HOUSTON -- As LaMarcus Aldridge sat near his locker swiping through one text message after the next, San Antonio Spurs coach Gregg Popovich walked up, tapped the power forward on the shoulder, then waved over shooting guard Danny Green.
“Y’all talk,” Popovich told them.
About what, neither would divulge.
But if that brief huddle at least broached the topic of how the Spurs might be able to coax out a repeat performance this postseason of Aldridge’s 34-point, 12-rebound night in the team’s 114-75 pummeling of the Houston Rockets in Game 6 on Thursday, that’s certainly a conversation worth having.
After all, the 39-point win, which ranks as the second-largest series-clinching win in franchise history, propels San Antonio into the Western Conference finals, where on Sunday the Spurs face the Golden State Warriors on the road. Aldridge’s bullying ways on the block played largely into the victory, with star forward Kawhi Leonard and point guard Tony Parker out of commission due to injuries. That needs to continue in the conference finals because, as Green said, “We’ll need it.”
“Well, you know, he’s been like that through these first two rounds,” Popovich said of Aldridge. “He’s really turned it on, demanded the ball, got in good position using his body, and not always settling for a jumper. [He got] to the rim, did a really good job.”
Aldridge’s ability to dominate down low alongside Pau Gasol drew so much attention from Houston’s defenders that it allowed San Antonio to squeeze out spurts of “the beautiful game,” in which the ball moved all along the perimeter at lightning speed for open looks.
That came as a result of the Spurs absolutely pounding the Rockets in the paint. San Antonio outscored Houston 62-18 in the paint, shooting 62 percent from that area, compared to 24 percent for the Rockets, according to research from ESPN Stats & Information.
So it’s no surprise that of the six 30-point, 10-rebound postseason games in Aldridge’s career, three have come against the Rockets. Two of those performances came in a series-clinching win (2014, 2017). Aldridge joins Dirk Nowitzki as the only active players to have produced multiple 30-point, 10-rebound games in series-clinching wins against a single opponent.
Nowitzki accomplished the feat twice against Aldridge’s team, the Portland Trail Blazers (2003, 2011).
Most players in the locker room expressed shock in San Antonio’s performance with both Leonard and Parker out. Leonard spent all of Thursday’s matchup in the locker room, including receiving some treatment during the game that will enable him to play Sunday in Game 1.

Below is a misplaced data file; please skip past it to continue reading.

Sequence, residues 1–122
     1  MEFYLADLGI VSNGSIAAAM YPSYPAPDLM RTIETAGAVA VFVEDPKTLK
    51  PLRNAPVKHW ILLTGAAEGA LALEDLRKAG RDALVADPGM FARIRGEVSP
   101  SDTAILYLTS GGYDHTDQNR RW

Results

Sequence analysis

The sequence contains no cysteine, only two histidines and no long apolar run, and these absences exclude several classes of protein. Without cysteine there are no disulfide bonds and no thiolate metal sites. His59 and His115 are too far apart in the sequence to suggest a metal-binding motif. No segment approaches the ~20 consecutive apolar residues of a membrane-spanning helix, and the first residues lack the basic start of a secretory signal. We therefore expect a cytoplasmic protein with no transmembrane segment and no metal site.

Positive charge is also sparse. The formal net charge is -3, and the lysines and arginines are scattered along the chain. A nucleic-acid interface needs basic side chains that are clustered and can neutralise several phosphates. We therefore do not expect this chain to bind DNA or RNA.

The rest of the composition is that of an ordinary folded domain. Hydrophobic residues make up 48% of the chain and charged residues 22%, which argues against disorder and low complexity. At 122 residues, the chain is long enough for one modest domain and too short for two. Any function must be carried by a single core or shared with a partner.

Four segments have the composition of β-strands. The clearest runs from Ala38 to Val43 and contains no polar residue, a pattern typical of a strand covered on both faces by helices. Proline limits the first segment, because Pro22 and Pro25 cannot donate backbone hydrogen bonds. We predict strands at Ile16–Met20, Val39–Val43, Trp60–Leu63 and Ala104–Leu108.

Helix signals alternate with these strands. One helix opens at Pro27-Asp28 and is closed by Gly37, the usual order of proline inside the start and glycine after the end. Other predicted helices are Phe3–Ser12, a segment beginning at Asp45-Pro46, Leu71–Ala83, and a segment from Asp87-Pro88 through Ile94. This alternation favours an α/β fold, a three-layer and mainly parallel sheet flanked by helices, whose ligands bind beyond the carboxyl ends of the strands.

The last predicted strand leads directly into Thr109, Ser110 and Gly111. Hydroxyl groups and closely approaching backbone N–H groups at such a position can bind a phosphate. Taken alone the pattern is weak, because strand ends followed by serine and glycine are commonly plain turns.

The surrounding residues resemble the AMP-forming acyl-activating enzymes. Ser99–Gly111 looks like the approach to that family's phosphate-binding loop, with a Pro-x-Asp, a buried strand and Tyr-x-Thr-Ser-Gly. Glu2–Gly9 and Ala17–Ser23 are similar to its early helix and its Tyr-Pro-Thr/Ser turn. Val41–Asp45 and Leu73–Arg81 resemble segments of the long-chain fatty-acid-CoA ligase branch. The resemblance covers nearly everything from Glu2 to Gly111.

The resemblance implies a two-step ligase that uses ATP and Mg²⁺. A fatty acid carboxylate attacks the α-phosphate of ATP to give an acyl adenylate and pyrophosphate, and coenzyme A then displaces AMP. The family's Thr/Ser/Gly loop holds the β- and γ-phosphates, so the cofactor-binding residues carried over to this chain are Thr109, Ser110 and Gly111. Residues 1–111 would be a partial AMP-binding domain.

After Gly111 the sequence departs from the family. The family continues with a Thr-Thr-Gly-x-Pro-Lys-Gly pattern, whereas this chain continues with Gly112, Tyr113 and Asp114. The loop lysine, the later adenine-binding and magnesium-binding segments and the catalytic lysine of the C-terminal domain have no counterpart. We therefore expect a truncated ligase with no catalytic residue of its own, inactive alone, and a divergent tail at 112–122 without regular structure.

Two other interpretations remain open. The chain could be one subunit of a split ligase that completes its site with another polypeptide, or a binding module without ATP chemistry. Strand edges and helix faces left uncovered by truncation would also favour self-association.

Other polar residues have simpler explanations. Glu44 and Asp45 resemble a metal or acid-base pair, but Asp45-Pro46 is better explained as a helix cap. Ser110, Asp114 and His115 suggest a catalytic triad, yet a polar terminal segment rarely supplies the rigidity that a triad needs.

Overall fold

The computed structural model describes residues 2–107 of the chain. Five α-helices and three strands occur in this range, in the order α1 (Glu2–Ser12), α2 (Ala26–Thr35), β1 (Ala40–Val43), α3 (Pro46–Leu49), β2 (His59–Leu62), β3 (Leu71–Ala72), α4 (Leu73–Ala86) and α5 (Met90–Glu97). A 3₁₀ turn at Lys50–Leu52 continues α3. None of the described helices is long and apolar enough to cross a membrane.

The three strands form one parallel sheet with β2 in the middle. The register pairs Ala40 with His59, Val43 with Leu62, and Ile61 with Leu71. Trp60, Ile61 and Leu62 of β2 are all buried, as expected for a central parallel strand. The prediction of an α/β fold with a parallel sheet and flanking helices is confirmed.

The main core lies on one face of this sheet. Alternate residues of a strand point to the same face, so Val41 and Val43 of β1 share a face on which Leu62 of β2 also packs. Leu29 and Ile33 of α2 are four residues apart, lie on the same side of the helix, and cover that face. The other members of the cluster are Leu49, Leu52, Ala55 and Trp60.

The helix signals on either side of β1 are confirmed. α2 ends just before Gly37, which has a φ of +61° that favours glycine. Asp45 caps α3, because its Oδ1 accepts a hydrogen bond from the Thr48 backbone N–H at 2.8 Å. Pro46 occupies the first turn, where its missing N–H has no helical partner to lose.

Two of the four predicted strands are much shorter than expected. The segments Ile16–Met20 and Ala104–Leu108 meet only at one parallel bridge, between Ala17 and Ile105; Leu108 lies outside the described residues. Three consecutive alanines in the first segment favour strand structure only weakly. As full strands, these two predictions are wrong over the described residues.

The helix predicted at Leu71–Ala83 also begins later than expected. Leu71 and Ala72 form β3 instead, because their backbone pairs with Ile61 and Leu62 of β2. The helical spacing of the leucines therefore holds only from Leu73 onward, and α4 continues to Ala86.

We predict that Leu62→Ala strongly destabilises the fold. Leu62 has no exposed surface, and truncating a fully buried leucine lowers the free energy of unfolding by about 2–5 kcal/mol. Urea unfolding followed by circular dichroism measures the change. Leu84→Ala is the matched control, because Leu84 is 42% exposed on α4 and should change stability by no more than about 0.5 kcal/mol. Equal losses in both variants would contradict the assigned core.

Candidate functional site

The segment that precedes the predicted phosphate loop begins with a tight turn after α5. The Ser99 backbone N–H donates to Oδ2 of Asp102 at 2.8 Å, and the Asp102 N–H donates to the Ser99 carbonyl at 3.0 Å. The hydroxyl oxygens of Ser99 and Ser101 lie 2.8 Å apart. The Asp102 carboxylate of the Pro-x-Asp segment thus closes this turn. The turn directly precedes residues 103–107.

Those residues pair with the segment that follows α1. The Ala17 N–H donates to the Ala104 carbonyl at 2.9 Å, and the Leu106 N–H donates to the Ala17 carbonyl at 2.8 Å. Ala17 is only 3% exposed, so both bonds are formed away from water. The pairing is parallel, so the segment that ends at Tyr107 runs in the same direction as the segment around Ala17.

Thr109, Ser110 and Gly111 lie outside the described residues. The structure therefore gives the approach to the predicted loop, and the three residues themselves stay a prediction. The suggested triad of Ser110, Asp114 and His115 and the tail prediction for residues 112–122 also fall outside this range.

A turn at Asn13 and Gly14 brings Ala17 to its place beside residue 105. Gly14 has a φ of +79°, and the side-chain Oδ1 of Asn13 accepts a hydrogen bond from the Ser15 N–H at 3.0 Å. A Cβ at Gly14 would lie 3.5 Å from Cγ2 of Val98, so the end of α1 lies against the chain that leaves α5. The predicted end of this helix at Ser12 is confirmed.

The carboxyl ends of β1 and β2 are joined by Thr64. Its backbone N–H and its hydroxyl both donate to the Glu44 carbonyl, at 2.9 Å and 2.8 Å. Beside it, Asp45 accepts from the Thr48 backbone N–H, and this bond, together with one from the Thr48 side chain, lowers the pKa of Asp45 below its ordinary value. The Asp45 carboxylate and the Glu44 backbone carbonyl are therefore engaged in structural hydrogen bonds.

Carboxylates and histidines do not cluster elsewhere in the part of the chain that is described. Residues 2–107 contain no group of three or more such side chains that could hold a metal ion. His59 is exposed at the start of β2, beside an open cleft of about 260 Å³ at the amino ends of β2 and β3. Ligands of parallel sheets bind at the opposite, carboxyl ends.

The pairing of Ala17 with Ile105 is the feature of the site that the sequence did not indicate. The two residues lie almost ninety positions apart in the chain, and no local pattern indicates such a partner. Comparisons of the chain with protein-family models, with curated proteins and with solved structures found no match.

“Yeah, I think everybody was [surprised with the performance],” Green said. “Nobody expected that, especially [with] no Kawhi and no Tony. It just goes to show you that on any given night, anything can happen in the NBA -- even in the playoffs.”
The Spurs know that all too well, which is why at times Thursday night they used a lineup with a backup point guard (Patty Mills), a big who rarely saw the floor for Golden State two years ago due to injuries (David Lee), a forward nicknamed “Slo-Mo” (Kyle Anderson), an undrafted wing who made the NBA after plucking down a $150 registration fee at a D-League tryout (Jonathon Simmons) and a rookie point guard who played just 38 games in the regular season (Dejounte Murray).
The lineup of Mills, Murray, Anderson, Lee and Simmons hadn’t played a single minute together during the regular season. Yet here they were inflicting damage on the Rockets, in part because of the tone set by Aldridge inside.
“It was tough, man,” Rockets guard Patrick Beverley said. “They stayed with a big lineup, and it gave us problems.”
The trio of Aldridge, Murray and Gasol combined for 33 of San Antonio’s 60 rebounds, as the Spurs pummeled the Rockets on the glass by a 23-board margin.
“When adversity hits, you have two options,” Gasol said in addressing the team’s win sans Parker and Leonard. “You can complain and whine, feel bad for yourself, or regroup and toughen up, play your best and give your best. That’s what we did with the guys we had healthy and ready to play. LaMarcus had a tremendous game, and you have to give him a lot of credit. Today, he was able to get into a much better rhythm and it was great to see.”
Aldridge said that “knowing I was gonna touch it” helped him significantly in establishing a rhythm. On most nights, Aldridge is asked to share the ball with Leonard and Parker. But on this occasion, with both stars out, the ball belonged to Aldridge, and he took advantage.
“I just touched it a little bit more tonight,” Aldridge said. “So I had a chance to figure it out. I was trying to be more dominant down there. So I was willing to take some contested shots tonight and got into my rhythm early. Kawhi’s a great player, but we have guys that are ready to play.”